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5 Reasons Why You Should Visit Hilton Head Island

Picture of Samantha Connors
Updated: 1 March 2018
One of the most beautiful towns in South Carolina, Hilton Head Island is renowned for its pristine beaches and championship-grade golf courses. Nestled between Savannah, Georgia, and Charleston, South Carolina, this 12-mile barrier island offers a less crowded atmosphere than these two more popular destinations. Hilton Head has been voted #10 on the list of Best Golf Resorts in the World by readers of Golf Digest and was named America’s Best Island by Travel Pulse, making it the ideal place for a weekend of relaxation and recreation.

Coligny Beach

With soft, white sand and gorgeous coastal surroundings, Coligny Beach is one of the main draws to visiting Hilton Head Island. Though there are a total of seven beaches on the island, Coligny is a favorite for locals and visitors alike. Before hitting the beach, you can peruse the shopping area with surf stores, bars, and restaurants. Once on the sand, beachgoers can sip a cool drink from the beachside bars or partake in a lively game of volleyball. To explore the entire stretch of sand, rent bikes for the day and ride along the shore. Find out more about the other beaches on Hilton Head Island and explore the less populated areas.

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Coligny Beach Hilton Head Island l | © Ron Cogswell/Flickr

Golf Courses

If you’re not visiting Hilton Head for the beaches, you’ll certainly want to visit for the golf courses. The island is repeatedly named a top golf destination in the state and throughout the U.S. with more than two dozen courses and 400 holes. Hilton Head facilities are perfectly manicured and encompassed by majestic Lowcountry scenery. Tee off amongst palmetto trees, surrounded by marshland and scenic ocean views. With a moderate year-round climate, Hilton Head courses are easily accessible in the winter when many resorts in the country shut down for the season.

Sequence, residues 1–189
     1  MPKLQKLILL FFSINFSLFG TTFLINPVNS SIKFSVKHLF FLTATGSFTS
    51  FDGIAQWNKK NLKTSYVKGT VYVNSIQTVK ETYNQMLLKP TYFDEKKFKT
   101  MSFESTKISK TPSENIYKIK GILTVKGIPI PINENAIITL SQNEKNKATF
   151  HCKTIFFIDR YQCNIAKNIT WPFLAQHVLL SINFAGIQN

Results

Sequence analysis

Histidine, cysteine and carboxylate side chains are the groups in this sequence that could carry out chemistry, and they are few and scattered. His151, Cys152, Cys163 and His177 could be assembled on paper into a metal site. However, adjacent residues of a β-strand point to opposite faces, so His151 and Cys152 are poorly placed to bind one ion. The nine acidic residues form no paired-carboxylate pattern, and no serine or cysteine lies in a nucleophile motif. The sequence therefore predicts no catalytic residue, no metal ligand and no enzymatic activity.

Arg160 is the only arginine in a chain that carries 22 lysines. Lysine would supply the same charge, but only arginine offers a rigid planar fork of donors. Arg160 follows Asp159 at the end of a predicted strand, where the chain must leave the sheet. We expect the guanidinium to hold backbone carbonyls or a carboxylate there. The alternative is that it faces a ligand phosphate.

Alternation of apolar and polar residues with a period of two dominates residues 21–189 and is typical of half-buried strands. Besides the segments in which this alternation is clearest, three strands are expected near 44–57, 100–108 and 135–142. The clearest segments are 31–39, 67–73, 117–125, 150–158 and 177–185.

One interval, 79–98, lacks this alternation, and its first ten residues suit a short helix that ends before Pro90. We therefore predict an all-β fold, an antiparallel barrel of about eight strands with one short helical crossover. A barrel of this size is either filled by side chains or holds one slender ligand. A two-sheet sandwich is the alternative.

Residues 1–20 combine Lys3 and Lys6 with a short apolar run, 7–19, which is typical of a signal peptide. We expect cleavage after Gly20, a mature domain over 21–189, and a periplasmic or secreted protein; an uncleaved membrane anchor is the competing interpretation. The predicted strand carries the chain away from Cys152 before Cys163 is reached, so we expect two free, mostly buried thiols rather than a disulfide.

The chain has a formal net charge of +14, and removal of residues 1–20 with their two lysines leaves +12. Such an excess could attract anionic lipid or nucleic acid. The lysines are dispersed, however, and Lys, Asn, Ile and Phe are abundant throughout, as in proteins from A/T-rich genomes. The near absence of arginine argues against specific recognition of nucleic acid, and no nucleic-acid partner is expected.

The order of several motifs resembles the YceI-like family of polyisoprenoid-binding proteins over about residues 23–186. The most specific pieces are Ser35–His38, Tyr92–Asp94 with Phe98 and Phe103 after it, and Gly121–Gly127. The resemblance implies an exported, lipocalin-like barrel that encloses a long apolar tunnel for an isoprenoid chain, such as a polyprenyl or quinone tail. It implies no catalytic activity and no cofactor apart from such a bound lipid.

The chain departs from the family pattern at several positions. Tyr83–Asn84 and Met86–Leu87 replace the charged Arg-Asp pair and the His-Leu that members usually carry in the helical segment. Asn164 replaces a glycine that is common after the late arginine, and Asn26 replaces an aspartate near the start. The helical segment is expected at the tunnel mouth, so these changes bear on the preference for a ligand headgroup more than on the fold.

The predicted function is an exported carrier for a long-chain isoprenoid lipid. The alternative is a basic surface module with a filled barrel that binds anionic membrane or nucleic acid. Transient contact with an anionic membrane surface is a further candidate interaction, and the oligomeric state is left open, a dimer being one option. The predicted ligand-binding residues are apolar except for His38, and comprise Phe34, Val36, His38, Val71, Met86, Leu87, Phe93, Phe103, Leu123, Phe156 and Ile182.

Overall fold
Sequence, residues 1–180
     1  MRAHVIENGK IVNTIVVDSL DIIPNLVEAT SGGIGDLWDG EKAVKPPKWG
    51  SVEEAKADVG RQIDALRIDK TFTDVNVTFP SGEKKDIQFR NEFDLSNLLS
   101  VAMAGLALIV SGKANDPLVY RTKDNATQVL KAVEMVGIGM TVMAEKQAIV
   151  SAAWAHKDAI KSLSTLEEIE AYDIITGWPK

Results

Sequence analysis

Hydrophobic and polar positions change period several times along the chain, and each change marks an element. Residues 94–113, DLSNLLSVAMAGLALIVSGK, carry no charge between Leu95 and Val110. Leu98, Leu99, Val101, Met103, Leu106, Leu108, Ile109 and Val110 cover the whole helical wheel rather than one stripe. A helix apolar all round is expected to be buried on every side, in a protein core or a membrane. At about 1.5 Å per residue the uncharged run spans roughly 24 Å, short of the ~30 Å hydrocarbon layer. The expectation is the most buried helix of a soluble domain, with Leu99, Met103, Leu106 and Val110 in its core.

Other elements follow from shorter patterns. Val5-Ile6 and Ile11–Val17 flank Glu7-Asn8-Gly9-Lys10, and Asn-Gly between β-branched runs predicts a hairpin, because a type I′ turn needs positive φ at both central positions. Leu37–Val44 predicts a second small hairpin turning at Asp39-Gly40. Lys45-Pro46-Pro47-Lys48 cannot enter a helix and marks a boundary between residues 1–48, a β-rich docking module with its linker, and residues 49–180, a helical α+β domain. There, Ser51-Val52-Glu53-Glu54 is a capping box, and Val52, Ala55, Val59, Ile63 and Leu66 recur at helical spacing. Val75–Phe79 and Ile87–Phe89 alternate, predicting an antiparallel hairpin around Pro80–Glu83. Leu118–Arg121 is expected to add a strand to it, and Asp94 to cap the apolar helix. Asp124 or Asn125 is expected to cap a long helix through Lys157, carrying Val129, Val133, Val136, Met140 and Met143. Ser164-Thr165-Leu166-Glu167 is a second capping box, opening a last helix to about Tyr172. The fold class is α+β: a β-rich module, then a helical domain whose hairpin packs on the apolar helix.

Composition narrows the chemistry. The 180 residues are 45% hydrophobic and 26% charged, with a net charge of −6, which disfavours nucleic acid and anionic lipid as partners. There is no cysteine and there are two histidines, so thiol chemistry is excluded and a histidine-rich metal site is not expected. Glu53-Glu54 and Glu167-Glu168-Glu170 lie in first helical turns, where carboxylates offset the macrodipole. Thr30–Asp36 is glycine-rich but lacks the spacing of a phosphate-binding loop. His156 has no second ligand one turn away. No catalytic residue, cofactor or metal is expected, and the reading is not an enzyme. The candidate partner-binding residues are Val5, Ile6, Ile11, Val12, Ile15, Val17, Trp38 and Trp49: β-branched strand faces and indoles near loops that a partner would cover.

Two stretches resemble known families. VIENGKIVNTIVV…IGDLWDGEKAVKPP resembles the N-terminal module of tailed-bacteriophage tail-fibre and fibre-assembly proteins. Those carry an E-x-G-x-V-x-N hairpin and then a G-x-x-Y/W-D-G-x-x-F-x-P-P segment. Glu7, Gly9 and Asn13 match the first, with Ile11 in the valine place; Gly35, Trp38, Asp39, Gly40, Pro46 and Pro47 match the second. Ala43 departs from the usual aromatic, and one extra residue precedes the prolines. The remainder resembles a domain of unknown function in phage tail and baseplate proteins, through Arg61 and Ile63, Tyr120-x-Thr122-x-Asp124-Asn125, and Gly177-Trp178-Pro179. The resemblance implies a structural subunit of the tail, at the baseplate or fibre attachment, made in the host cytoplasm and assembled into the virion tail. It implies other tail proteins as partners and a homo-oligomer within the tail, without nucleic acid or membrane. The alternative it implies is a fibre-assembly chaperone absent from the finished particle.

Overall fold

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Heron Point Golf Course l | © Dan Perry/Flickr

Wine & Food Festival

For more than 30 years, Hilton Head Island has hosted the Wine & Food Festival every March. This culinary celebration spans six days and incorporates winemakers, chefs, and local food traditions. Anyone visiting Hilton Head in the spring will not want to miss this must-do festival. With events taking place across the island, guests can choose to attend food-centric lectures, join several different wine tastings, and indulge in one (or more!) of the wine dinners. Throughout the festival, there are also a number of culinary competitions, including the much-anticipated International Wine Competition.

Wildlife Preserves

The natural conditions of the Lowcountry breed a particularly unique ecosystem teeming with wonderful wildlife. The beauty of the landscape is one of the most rewarding aspects of visiting Hilton Head Island. While in town, travelers should consider a trip to one or more of the island’s wildlife preserves.

Sea Pines Forest Preserve

The Sea Pines Forest Preserve is home to many outdoor attractions like walking trails, fishing docks, boardwalks through the wetlands, and even guided excursions. The Shell Ring, a 4,000-year-old shell deposit composed of oysters, mussels, and clams, is the oldest archeological finding on Hilton Head, and it lives right in the forest preserve. Visit this rare natural formation before embarking on a guided boat tour or exploring an area known as the Vanishing Swamp.

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Sea Pines Forest Preserve Hilton Head Island l | © Ron Cogswell/Flickr

Pinckney Island National Wildlife Refuge

This wildlife refuge spans across four islands and covers more than 4,000 acres, but Pinckney Island is the only section open to the public. Dozens of wildlife species, particularly native birds, rely on this land to survive. Bring along binoculars if you wish to do some bird watching, and you may just spot a Painted Bunting or White Ibis, two of the more common birds in the area. Armadillos and alligators are also known to wander through the refuge.

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Pinckney Island National Refuge l | © Jeff Gunn/Flickr